YANGON, Myanmar – Myanmar said a U.N. human rights envoy was well-protected during a visit to a city wracked by religious violence, brushing off his claims that police did nothing as a 200-strong Buddhist mob descended on his car, kicking the windows and doors and shouting abuses.
President Thein Sein's spokesman, Ye Htut, said Thursday that U.N. rights rapporteur Tomas Ojea Quintana was never in any danger.
Members of the crowd, he said, approached the convoy only to give him a letter and a T-shirt, "so what Quintana said is very different from the true situation."
Myanmar, a predominantly Buddhist nation of 60 million people, has been gripped by sectarian violence in the last year that has left more than 250 people dead and sent another 140,000 fleeing their homes. Most victims were Muslims.
Quintana's 10-day visit, which wrapped up Wednesday, was in part aimed at investigating ongoing tensions and the response of the government.
He told reporters that on arriving in the central city of Meikhtila to visit a camp for 1,600 displaced Muslims earlier this week, security forces did nothing as a Buddhist crowd descended on his convoy.
He said the incident hammered home the feeling of vulnerability victims of bloody attacks must have felt as they were chased down, beaten and killed — often as police looked on.
"I felt during this incident, being totally unprotected," said Quintana. "The state had a responsibility... and it failed."
Ye Htut had another version of events.
In addition to helping to disperse hundreds of people before Quintana's arrival — he said 100 were left by the time the convoy arrived — one police car was escorting the U.N. rights envoy. Thirty other officers were controlling the crowd, he said.
"Police gave protection to him and people had no intention to hurt him," Ye Htut said, adding that police successfully cleared a path and the convoy passed without incident.
Myanmar only recently emerged from decades of isolation and military rule. One of the biggest challenges of the new, quasi-civilian government has been the rising anti-Muslim sentiment.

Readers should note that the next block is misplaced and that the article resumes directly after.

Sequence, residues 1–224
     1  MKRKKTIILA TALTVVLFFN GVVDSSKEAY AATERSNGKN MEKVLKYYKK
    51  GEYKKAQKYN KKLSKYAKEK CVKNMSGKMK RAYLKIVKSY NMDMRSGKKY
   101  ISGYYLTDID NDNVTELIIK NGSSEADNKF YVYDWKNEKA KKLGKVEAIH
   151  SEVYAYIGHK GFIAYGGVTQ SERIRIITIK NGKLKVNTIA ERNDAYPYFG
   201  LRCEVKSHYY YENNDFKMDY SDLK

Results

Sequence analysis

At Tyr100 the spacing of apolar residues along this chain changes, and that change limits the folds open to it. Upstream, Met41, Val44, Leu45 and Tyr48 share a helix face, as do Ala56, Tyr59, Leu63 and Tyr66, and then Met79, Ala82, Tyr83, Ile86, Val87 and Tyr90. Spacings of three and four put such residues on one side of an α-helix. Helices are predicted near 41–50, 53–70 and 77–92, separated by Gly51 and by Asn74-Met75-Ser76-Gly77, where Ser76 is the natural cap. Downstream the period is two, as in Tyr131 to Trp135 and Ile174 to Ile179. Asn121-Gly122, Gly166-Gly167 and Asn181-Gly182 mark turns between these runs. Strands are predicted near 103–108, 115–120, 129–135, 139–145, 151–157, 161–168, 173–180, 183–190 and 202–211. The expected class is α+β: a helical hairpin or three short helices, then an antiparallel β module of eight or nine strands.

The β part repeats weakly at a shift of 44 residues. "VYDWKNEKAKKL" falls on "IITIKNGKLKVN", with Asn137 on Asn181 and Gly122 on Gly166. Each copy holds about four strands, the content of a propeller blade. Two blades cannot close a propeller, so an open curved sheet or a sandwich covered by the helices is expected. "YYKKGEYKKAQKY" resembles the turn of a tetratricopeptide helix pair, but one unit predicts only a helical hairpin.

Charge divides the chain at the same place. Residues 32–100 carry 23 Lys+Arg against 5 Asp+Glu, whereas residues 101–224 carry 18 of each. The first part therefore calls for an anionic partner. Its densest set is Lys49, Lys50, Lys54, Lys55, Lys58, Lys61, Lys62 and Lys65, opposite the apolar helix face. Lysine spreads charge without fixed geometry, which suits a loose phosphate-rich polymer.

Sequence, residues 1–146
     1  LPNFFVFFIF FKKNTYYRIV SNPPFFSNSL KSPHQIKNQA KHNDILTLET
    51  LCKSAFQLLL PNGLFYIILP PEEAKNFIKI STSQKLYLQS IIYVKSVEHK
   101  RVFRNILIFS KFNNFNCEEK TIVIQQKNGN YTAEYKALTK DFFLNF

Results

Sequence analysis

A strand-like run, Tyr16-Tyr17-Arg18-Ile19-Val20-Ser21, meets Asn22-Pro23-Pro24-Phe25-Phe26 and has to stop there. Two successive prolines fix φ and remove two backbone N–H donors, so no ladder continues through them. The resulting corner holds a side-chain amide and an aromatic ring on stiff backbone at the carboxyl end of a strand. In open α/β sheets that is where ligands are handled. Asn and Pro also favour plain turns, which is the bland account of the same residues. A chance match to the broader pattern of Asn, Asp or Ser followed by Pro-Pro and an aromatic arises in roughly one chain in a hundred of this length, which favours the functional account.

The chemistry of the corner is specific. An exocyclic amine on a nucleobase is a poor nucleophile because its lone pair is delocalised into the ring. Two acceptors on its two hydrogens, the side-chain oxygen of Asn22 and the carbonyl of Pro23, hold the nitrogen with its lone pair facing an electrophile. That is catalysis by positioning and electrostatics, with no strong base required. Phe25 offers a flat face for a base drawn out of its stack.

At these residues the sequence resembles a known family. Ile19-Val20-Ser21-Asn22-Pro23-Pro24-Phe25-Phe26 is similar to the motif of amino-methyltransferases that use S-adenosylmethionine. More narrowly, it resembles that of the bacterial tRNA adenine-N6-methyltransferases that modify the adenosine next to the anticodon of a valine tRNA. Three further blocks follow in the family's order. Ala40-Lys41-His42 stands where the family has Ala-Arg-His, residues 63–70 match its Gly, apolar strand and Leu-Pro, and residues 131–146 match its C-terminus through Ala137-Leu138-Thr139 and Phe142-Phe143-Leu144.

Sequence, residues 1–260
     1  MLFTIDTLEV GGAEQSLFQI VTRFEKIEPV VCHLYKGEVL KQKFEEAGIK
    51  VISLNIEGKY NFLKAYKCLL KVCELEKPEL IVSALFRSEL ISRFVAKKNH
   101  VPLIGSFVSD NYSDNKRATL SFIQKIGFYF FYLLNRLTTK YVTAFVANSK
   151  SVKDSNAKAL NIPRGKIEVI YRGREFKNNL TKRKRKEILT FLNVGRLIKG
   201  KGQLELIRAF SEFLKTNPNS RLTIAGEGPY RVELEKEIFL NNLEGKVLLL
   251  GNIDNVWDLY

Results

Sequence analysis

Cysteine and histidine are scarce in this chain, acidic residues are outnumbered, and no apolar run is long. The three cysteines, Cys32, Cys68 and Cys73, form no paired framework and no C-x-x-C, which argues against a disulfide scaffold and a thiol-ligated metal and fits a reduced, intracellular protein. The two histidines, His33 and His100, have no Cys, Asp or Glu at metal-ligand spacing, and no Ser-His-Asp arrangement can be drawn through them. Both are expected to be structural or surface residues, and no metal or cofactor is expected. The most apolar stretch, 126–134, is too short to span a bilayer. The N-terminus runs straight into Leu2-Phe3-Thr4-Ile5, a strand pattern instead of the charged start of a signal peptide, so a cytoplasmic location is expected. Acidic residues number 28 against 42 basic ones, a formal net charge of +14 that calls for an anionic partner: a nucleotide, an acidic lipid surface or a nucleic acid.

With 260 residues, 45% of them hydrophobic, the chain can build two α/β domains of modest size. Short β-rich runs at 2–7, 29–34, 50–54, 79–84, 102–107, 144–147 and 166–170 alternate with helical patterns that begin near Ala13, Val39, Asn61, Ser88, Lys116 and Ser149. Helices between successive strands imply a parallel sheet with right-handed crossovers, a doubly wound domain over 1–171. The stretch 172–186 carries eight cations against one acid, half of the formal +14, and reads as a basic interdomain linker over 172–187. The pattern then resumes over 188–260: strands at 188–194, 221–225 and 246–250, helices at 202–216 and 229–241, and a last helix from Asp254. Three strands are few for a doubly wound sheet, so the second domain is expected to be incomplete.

Quintana said his own experience "highlighted for me the dangers of the spread of religious incitement in Myanmar and the deadly environment that this can create."
"Although the chief minister declared that the trust had been restored, this does not reflect reality."
The unrest began last year in the western state of Rakhine, where Buddhists accuse the Rohingya Muslim community of illegally entering the country to encroach on their land.
The violence, on a smaller scale but still deadly, spread earlier this year to other parts of Myanmar — including Meikhtila, where 43 people were killed — and has stirred up prejudice.
Quintana faced several smaller protests during his visit, most of them peaceful.
Almost all were by Buddhists, who feel that the U.N. and other international agencies are ignoring their complaints and tilting relief and reconstruction efforts in favor of the Muslim community.
Quintana's ordeal recalled the difficulties previous U.N. envoys had in dealing with Myanmar before military rule ended in 2011, when they sometimes were barred from meeting people, snubbed by officials and even denied entry to the country.
He met with pro-democracy leader Aung San Suu Kyi and several prisoners of conscience who remain behind bars two years after the country's military junta handed over power. He also traveled to several states plagued by decades-long insurgencies.
After visiting Kachin state, he said, he was very distressed to hear that U.N. humanitarian organizations have been allowed access to non-government-controlled areas only once in the last year.
But added that he was pleased to see during a visit to Chin state that restrictions on Christians have eased notably in the last year.
It as Quintana's eighth trip to Myanmar since being named U.N. rights rapporteur. He will present his findings to the U.N. General Assembly on Oct. 24.